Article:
People like to joke that business moves at a speed similar to plate tectonics, but some things are better done faster than slower. Case in point, one of Mercedes-Benz's advertisements for its Drive Pilot system. After complaints from consumer advocates, it promptly pulled its ad.
Yesterday, I reported that several consumer groups, including Consumer Reports and the Center for Automotive Safety, asked Mercedes to pull an ad for its semi-autonomous Drive Pilot system. By the time my story went live, Mercedes removed a copy of the ad from its YouTube page, and not even one full day later, it's pulled the ad from other mediums, as well, Automotive News reports.
Those groups called it misleading, as it may have overpromised Drive Pilot's level of autonomy, although fine print at the end of the ad tries to set the record straight on the system's level of intervention.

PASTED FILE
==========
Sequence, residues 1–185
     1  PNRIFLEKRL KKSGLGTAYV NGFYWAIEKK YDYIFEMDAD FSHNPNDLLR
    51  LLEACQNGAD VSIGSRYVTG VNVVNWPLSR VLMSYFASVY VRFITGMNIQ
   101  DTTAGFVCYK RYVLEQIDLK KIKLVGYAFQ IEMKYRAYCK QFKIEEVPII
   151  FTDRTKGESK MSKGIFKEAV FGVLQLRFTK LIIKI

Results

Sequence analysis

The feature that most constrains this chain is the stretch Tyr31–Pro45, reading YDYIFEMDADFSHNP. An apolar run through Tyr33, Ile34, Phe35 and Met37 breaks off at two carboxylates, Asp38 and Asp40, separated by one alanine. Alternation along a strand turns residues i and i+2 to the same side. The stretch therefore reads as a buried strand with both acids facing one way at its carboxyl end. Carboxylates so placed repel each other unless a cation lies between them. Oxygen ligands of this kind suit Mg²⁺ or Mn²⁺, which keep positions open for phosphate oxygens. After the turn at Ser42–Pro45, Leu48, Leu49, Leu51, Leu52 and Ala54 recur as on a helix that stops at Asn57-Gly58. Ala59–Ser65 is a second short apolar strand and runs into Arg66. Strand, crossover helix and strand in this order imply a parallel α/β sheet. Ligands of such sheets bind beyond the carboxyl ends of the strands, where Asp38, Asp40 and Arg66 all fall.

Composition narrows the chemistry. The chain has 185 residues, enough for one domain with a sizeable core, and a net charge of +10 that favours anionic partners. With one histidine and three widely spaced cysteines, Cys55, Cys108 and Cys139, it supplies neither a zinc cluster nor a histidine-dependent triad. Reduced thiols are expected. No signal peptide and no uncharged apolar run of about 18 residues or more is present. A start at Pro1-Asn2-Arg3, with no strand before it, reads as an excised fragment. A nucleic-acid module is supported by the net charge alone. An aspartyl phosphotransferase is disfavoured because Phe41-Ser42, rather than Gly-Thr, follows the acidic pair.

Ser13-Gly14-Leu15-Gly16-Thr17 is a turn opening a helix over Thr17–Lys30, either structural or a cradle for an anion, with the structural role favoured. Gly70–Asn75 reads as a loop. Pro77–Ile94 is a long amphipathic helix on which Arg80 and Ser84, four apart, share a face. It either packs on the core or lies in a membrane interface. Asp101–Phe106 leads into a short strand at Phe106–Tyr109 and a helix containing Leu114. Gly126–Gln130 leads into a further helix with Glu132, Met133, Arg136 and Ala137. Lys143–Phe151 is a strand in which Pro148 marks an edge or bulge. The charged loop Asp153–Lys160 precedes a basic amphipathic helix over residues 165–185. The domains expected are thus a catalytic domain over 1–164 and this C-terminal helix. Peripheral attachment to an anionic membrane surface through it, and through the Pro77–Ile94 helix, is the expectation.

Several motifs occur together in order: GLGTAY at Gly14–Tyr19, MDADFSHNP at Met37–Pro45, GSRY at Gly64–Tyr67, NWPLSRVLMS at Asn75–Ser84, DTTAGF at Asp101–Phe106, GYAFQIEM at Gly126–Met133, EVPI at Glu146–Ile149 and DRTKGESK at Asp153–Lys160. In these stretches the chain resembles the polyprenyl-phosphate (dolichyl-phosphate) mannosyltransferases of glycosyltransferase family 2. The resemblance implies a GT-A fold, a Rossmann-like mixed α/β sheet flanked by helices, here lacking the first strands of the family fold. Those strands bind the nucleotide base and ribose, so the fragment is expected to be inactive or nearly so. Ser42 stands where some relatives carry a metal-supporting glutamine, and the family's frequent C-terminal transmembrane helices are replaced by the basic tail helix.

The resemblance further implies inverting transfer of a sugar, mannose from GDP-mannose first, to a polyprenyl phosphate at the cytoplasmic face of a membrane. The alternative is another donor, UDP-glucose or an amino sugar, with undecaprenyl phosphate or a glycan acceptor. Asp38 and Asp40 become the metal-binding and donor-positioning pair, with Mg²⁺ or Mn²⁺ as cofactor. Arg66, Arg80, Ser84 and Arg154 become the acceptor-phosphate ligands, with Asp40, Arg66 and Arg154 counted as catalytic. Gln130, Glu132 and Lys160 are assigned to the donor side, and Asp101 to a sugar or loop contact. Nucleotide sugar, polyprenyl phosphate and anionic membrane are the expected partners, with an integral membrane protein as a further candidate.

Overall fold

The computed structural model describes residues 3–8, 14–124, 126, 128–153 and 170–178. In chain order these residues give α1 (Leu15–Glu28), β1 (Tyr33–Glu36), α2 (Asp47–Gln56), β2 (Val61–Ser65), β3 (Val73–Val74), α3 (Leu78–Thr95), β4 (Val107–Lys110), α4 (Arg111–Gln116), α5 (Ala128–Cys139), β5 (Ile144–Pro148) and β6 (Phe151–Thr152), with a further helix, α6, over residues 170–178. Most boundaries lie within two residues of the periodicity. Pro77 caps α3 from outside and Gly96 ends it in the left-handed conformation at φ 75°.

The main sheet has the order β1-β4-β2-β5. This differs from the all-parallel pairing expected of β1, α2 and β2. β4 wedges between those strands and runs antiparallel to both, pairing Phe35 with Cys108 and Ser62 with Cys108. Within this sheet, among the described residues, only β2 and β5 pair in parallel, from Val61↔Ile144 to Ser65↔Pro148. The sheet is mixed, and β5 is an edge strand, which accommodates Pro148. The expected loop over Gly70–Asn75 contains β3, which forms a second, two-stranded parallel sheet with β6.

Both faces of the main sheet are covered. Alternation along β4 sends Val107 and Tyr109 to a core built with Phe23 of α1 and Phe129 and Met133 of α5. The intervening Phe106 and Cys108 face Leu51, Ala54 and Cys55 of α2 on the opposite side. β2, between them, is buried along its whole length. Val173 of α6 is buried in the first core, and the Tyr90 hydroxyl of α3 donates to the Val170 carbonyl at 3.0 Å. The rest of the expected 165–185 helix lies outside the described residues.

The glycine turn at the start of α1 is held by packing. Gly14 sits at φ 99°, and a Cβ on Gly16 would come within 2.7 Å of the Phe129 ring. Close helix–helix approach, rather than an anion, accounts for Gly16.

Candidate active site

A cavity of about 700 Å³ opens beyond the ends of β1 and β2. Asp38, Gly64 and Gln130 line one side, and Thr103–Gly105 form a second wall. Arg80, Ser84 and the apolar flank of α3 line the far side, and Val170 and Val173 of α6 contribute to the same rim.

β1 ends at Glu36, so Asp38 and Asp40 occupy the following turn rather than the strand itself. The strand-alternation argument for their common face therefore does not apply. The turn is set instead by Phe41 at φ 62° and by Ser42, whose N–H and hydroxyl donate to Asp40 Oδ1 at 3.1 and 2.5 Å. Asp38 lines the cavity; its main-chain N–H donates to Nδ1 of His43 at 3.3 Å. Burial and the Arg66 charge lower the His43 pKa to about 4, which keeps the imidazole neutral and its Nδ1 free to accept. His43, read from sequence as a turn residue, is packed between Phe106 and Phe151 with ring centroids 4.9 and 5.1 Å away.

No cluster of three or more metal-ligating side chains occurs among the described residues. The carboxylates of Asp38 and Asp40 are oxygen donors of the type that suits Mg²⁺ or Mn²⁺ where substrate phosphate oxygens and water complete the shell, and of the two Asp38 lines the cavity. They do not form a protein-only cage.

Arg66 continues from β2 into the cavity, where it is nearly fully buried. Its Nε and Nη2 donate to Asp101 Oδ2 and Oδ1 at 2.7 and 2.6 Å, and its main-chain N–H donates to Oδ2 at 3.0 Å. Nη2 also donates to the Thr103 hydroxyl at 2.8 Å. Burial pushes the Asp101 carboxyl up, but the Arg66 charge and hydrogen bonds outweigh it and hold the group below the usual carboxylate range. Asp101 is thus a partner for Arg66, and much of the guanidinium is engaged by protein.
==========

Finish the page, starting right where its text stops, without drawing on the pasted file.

"Given the claim that consumers could confuse the autonomous driving capability of the F015 concept car with the driver assistance systems of our new E-Class in our ad 'The Future,' we have decided to take this one ad out of the E-Class campaign rotation," said Donna Boland, a spokeswoman for Mercedes-Benz. "The new 2017 E-Class is a technological tour-de-force and is a significant step towards achieving our vision of an accident free future. We do not want any potential confusion in the marketplace to detract from the giant step forward in vehicle safety the 2017 E-class represents."
Drive Pilot combines adaptive cruise control and active steering assist to create a system that will largely take care of itself within a single highway lane or in stop and go traffic. Drivers may be asked to intervene with little warning, which makes it nowhere near a self-driving car. It's similar to Tesla's Autopilot, which has also been under fire of late for potentially overstating its abilities. Several drivers have been involved in accidents where Autopilot was involved.